Ministers might also realise that to operate such a system you need the trained, experienced, professionals which were created by the demands of PPG16 and who are currently leaving the archaeological profession in droves, or who; thanks to cuts to education provision, the concentration of University authorities on profit centers and the chilling effect of University Tuition Fees; might never enter the profession in the first place.

On 29 May 1989 still Prime Minister Thatcher told Simon Hughes MP for Southwark, who had taken a leading role in attempts to save the Rose,

“I agree that the discovery of the remains of the Elizabethan Rose theatre is a historic event, and that everything possible must be done to preserve those remains so that one day they may be on public display. I understand that there have been very constructive discussions—as the hon. Gentleman has said—between the developers, English Heritage and the Museum of London, and that as a result the remains are to be preserved with minimal damage. I welcome that; and it does not rule out the possibility of a scheme for public display one day. In the meantime, constructive discussions continue.”

Margaret Thatcher : Prime Ministers Questions, 11 May 1989

Those “constructive discussions” over the fate of the Rose, pre-figured the discussions PPG16 and its successors, PPS 5 and the National Planning Policy Framework [NPPF], are supposed to enshrine as a routine part of the planning system. However the selective suspension and, in some cases, destruction, of elements of heritage and environmental protection in the name of cutting “Red Tape”, coupled with the ignoring of professional advice, such as occurred in June 2011 when then Culture Secretary Jeremy Hunt overruled advice from English Heritage and refused to list the Broadgate Center in the City of London, threatens, not only our environment and our past, but also Minister’s own reputations for even handedness. It also threatens the effective working relationships with organisations like English Heritage and the National Trust built up in the years since PPG16 came into force. By refusing to honour the principle that the polluter pays, on the dubious grounds that all that is preventing the UK Economy from roaring away is the environmental protections offered by the planning system, the Cameron Government is picking a fight which it does not need, apparently to please a small, but financially powerful, lobby within the Conservative Party.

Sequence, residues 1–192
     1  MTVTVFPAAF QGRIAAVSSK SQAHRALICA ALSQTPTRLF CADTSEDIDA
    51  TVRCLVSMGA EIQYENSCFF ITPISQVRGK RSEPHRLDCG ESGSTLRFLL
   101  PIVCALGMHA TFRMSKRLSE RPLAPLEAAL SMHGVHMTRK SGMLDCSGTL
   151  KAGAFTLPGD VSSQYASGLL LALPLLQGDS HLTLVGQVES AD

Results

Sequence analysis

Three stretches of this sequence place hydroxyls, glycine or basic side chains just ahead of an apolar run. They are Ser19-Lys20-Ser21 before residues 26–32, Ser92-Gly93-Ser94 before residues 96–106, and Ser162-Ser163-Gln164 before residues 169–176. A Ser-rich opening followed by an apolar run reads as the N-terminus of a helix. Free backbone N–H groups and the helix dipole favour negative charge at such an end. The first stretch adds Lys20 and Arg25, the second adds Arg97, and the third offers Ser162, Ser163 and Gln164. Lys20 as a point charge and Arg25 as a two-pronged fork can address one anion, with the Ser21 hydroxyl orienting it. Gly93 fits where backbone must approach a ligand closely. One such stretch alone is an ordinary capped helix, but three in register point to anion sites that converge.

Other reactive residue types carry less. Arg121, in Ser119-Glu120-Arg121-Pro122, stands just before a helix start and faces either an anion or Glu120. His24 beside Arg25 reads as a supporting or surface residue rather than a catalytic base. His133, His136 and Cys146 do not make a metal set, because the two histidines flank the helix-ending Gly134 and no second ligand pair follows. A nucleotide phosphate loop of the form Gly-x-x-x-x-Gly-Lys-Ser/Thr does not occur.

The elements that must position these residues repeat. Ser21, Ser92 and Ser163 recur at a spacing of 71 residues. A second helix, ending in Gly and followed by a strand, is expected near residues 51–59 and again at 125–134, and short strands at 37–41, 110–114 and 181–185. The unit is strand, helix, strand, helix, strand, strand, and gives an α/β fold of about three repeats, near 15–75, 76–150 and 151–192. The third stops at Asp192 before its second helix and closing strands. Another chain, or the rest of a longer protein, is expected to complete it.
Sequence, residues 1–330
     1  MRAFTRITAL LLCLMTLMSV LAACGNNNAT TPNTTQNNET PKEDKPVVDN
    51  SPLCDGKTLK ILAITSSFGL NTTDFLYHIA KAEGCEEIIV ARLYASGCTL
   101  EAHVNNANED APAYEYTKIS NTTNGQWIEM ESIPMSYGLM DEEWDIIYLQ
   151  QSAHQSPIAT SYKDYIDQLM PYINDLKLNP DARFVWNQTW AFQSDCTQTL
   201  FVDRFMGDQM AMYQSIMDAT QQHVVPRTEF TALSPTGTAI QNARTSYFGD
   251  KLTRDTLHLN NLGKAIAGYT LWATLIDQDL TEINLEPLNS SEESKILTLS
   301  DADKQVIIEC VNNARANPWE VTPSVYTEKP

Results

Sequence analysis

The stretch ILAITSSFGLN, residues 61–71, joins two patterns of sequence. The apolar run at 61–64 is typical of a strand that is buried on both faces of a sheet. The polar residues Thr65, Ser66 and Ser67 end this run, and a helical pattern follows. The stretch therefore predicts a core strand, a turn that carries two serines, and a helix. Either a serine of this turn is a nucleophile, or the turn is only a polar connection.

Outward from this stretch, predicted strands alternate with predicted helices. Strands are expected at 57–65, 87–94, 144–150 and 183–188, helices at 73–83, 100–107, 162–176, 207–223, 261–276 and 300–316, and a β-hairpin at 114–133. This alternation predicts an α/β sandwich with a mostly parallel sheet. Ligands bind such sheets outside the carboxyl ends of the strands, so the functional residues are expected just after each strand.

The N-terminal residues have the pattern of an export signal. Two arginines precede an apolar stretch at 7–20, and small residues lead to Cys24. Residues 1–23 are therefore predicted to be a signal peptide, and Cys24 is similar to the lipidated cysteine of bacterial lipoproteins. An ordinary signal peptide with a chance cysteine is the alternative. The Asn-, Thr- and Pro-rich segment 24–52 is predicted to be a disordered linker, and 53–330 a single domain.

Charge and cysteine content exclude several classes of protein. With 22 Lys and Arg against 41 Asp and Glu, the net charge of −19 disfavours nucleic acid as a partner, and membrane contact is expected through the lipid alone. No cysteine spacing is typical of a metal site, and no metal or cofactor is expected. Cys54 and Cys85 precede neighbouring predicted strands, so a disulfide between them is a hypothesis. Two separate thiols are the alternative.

To misquote another of Mrs Thatcher’s, Ministers, Lord Howe, English Heritage and others in the Heritage and Environmental Community are currently being sent into bat “…only to find their bats have been broken before the game by the team Captain.” Of course the bats of Conservative Party donors from the development lobby and the City of London remain intact. Team Captains, Chancellor Osborne and Prime Minister Cameron should remember the fate of Nicholas Ridley and the Conservative Party’s reputation in the Spring and Summer of 1989, and take note of the power of the Heritage and Environmental lobby which prevented them turning the NPPF into a “Developers Charter” in 2012, in case they receive the gift of another Rose.

Written by Andy Brockman

HeritageDaily : Archaeology News : Archaeology Press Releases


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Andy Brockman
Andy Brockman
Andy Brockman[ ] is director of Operations Room Archaeology [the Op’s Room] and the Digging Dad’s Army Project and is a specialist in the Archaeology of Modern Conflict. He has a particular interest in community based projects which involve research into archaeology within living memory and supports Operation Nightingale, a British Army initiative to use archaeology to help rehabilitate injured servicemen and women.